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“It’s so nice to not have to be asking the questions,” says Ryan Seacrest with a chuckle as we record an episode of The Hollywood Reporter‘s Awards Chatter podcast. Described by The New York Times as “the hardest working man in show business,” Seacrest is, of course, best known as the host of the reality competition show American Idol, which went on the air in 2002, and just wrapped up its 18th season — and first conducted remotely, thanks to the novel coronavirus pandemic — Sunday night.
But the 45-year-old has also been the host of the syndicated countdown radio program American Top 40 and KIIS-FM’s morning radio show On Air With Ryan Seacrest since 2004; a host of ABC’s annual Dec. 31 special Dick Clark’s New Year’s Rockin’ Eve since 2006 and daily talk show Live With Kelly and Ryan since 2017; and, since 2006, the chief of Ryan Seacrest Productions, which makes reality TV shows ranging from Jamie Oliver’s Food Revolution, for which he won a producing Emmy in 2010 (he has also racked up 13 other noms, 12 for Idol), to Keeping Up With the Kardashians, which has been a ratings machine since 2007.
Why does Seacrest continue to push himself so hard nearly two decades after his rapid ascent to fame and fortune? The answer, he insists, is simple: He genuinely loves broadcasting — especially live — and, perhaps more than anything else, he loves having an audience. “I always wanted it, I never had it and I couldn’t believe I got it,” he acknowledges. And once he did, with Idol? “I wanted to have a touchpoint to an audience at every part of the day. So that would be wake up and drive in; that would be a primetime TV show; that would be a cable TV show; that would be an award show. My model was to always have a connection with the audience, no matter what time of day or day of the week.”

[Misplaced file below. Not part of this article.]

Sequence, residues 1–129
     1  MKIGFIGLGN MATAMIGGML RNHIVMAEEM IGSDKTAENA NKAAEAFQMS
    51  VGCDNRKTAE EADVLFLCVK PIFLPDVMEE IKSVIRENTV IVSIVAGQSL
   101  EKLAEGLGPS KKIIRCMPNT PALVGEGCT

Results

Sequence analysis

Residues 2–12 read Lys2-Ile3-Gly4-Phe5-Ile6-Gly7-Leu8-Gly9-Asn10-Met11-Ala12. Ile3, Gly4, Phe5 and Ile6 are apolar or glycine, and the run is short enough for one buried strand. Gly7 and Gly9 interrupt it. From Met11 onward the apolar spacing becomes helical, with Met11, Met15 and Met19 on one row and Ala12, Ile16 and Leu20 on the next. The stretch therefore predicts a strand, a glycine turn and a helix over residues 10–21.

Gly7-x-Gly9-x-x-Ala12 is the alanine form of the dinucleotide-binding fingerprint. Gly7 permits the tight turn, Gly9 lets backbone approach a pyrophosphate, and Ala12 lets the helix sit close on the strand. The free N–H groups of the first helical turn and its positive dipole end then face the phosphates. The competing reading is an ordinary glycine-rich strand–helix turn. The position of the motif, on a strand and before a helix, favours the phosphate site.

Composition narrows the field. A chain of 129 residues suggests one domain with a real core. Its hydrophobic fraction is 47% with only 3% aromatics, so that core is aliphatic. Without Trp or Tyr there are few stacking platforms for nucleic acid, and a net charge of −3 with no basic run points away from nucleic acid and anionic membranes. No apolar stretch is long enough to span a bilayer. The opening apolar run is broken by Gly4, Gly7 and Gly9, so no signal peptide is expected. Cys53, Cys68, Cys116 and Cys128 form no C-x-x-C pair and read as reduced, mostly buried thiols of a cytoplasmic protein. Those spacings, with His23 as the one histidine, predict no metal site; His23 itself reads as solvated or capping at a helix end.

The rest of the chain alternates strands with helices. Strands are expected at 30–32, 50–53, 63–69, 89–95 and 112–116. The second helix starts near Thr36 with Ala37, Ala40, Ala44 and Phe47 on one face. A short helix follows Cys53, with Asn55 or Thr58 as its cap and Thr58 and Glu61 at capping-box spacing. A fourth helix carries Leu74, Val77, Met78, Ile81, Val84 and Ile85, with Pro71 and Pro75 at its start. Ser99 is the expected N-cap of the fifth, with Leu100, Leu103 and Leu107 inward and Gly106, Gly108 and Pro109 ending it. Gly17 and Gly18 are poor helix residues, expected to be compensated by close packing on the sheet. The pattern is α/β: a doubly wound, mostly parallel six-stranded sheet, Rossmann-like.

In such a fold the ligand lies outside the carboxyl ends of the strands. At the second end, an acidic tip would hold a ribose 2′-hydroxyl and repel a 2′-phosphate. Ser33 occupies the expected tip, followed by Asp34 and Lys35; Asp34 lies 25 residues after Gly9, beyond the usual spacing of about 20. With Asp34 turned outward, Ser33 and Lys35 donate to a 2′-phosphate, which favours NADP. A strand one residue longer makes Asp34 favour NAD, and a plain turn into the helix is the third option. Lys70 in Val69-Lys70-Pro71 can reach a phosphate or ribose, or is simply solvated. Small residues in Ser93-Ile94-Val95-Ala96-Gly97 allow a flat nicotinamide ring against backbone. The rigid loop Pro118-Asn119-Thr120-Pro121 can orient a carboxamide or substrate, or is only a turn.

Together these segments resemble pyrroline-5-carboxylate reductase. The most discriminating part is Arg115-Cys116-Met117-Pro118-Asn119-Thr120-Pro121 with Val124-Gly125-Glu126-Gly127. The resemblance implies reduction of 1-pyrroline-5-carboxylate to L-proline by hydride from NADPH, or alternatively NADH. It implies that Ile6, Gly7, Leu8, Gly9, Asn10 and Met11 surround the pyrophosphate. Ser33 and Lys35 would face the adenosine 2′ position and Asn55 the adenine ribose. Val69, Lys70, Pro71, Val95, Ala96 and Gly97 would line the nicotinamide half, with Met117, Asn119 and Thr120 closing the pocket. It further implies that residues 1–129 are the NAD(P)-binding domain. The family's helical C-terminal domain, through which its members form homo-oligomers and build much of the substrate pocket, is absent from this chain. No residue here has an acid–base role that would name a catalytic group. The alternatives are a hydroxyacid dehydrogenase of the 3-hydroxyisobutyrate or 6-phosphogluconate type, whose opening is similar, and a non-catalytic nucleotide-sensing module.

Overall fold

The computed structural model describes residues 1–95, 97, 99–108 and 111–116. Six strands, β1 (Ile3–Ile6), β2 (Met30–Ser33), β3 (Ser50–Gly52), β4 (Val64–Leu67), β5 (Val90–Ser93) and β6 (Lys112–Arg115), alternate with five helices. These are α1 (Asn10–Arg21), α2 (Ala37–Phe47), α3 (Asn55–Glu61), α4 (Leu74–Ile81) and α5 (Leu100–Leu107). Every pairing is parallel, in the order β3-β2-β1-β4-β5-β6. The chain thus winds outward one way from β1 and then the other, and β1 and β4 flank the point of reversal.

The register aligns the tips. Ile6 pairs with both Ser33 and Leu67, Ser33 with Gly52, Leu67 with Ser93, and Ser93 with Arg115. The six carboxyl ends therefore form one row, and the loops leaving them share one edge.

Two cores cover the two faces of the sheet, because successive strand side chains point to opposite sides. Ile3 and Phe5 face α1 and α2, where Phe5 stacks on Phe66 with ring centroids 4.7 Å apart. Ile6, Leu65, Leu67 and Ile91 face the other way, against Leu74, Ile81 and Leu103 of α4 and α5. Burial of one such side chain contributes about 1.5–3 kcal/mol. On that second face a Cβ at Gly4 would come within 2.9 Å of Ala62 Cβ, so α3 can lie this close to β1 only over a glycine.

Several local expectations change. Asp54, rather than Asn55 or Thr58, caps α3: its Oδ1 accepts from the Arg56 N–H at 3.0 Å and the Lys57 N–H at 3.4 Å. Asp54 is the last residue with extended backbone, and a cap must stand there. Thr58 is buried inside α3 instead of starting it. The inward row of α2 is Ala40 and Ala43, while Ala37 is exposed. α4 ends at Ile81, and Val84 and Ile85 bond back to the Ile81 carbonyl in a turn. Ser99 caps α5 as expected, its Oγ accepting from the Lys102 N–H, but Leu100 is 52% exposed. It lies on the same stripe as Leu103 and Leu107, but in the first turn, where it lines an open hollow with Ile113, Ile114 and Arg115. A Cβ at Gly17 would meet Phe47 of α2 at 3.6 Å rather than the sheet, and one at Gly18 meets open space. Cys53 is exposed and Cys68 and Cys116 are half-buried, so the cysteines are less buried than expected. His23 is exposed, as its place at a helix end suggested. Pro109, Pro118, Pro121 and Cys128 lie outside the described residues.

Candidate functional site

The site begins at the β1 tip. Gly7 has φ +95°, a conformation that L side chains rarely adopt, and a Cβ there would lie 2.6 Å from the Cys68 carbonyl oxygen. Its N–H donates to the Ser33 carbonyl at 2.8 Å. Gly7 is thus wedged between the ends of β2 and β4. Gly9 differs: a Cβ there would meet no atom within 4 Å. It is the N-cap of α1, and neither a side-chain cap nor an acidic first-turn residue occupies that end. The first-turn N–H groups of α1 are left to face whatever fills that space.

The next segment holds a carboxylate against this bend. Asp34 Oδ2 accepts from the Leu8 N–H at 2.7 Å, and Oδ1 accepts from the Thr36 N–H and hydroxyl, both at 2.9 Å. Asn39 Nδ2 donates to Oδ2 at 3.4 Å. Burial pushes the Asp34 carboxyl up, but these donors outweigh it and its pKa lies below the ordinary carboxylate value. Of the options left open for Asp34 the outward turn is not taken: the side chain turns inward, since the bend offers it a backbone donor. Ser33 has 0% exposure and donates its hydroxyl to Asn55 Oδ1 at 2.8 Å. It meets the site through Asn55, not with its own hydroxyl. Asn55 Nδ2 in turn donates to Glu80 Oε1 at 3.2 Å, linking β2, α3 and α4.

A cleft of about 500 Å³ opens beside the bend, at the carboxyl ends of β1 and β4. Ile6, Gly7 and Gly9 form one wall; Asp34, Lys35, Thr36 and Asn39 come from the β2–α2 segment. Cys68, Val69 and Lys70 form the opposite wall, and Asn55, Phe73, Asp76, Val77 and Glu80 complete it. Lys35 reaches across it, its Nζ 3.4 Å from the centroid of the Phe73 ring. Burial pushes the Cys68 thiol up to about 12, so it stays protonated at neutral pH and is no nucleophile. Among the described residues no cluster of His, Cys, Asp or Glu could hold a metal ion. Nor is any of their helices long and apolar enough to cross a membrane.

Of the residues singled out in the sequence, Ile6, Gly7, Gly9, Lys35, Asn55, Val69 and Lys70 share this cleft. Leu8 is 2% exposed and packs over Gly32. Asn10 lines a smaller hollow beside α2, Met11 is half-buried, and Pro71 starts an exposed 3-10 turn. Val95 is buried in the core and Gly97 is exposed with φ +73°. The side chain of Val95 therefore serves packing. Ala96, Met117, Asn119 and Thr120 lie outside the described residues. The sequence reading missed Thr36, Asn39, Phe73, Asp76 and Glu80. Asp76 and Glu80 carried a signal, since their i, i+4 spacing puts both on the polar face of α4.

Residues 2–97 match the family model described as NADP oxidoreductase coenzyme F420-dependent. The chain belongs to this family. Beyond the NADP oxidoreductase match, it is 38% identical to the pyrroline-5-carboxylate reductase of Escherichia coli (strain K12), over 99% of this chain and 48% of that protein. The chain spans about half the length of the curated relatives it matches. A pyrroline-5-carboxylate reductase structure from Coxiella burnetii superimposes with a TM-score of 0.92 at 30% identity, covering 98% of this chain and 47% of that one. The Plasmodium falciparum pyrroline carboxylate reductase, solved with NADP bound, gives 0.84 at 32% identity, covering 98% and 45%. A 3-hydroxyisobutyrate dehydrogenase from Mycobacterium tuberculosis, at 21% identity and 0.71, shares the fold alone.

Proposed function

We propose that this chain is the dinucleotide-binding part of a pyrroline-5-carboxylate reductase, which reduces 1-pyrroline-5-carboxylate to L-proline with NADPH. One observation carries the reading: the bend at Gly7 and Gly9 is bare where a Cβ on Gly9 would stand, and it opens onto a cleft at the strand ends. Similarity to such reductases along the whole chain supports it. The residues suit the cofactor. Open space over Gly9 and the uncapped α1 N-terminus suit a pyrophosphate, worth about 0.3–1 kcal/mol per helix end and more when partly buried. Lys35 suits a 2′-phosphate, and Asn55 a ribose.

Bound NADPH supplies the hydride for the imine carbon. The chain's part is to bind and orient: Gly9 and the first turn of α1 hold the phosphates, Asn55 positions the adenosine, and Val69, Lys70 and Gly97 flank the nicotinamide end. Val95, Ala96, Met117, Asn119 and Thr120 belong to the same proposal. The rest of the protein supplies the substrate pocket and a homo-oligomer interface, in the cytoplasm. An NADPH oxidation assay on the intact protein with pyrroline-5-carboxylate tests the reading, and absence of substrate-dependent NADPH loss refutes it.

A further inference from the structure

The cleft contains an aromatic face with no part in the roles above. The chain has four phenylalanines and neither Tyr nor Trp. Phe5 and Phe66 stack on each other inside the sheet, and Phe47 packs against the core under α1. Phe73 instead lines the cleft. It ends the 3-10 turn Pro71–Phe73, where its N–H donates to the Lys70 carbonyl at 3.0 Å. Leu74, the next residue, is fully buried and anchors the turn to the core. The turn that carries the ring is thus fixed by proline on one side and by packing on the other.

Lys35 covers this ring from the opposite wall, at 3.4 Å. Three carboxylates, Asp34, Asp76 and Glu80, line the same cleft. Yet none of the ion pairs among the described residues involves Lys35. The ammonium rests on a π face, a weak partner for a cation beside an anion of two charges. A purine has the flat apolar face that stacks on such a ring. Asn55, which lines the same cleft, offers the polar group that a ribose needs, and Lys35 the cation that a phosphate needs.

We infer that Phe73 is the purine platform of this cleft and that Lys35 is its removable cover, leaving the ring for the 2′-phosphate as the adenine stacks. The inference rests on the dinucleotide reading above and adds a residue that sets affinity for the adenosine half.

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LISTEN: You can hear the entire interview below.
Past guests include Steven Spielberg, Oprah Winfrey, Lorne Michaels, Barbra Streisand, George Clooney, Meryl Streep, Robert De Niro, Jennifer Lawrence, Eddie Murphy, Gal Gadot, Warren Beatty, Angelina Jolie, Snoop Dogg, Jessica Chastain, Stephen Colbert, Reese Witherspoon, Aaron Sorkin, Margot Robbie, Ryan Reynolds, Nicole Kidman, Denzel Washington, Julia Louis-Dreyfus, Matthew McConaughey, Kate Winslet, Jimmy Kimmel, Natalie Portman, Chadwick Boseman, Jennifer Lopez, Elton John, Judi Dench, Quincy Jones, Jane Fonda, Tom Hanks, Amy Schumer, Justin Timberlake, Elisabeth Moss, RuPaul, Rachel Brosnahan, Jimmy Fallon, Kris Jenner, Michael Moore, Emilia Clarke, Lin-Manuel Miranda, Helen Mirren, Tyler Perry, Sally Field, Spike Lee, Lady Gaga, J.J. Abrams, Emma Stone, Al Pacino, Julia Roberts, Jerry Seinfeld, Dolly Parton, Will Smith, Taraji P. Henson, Sacha Baron Cohen, Carol Burnett and Norman Lear.
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Seacrest was born and raised in Atlanta. A chubby bespectacled kid who experienced more than his share of bullying, he found escape in listening to, studying the hosts of and calling in to radio shows from his childhood bedroom. Eventually, he ventured out of his shell enough to become “the voice of Dunwoody,” providing his high school with his own radio-like announcements that were piped directly into homerooms each morning. And at 15, citing that experience, he talked his way into a friendship — and unofficial internship — with the night jock at a local radio station, whereupon, he recalls, “I just fell in love with watching a live broadcast.”
He went off to study at the University of Georgia, but quickly grew restless, believing that he should be in Los Angeles pursuing a broadcasting career. So at 19, he dropped out, drove across the country and landed a job doing overnight work at a location radio station. Eventually, he graduated to hosting small-time TV shows, one of which caught the attention of the legendary TV host and media mogul Merv Griffin, who invited Seacrest to audition to host one of his shows. At 21, Seacrest landed that job — and spent the next several years hustling under the radar, sometimes hosting as many as six different TV gigs a day, followed by his radio duties at night — while also studying at Griffin’s feet.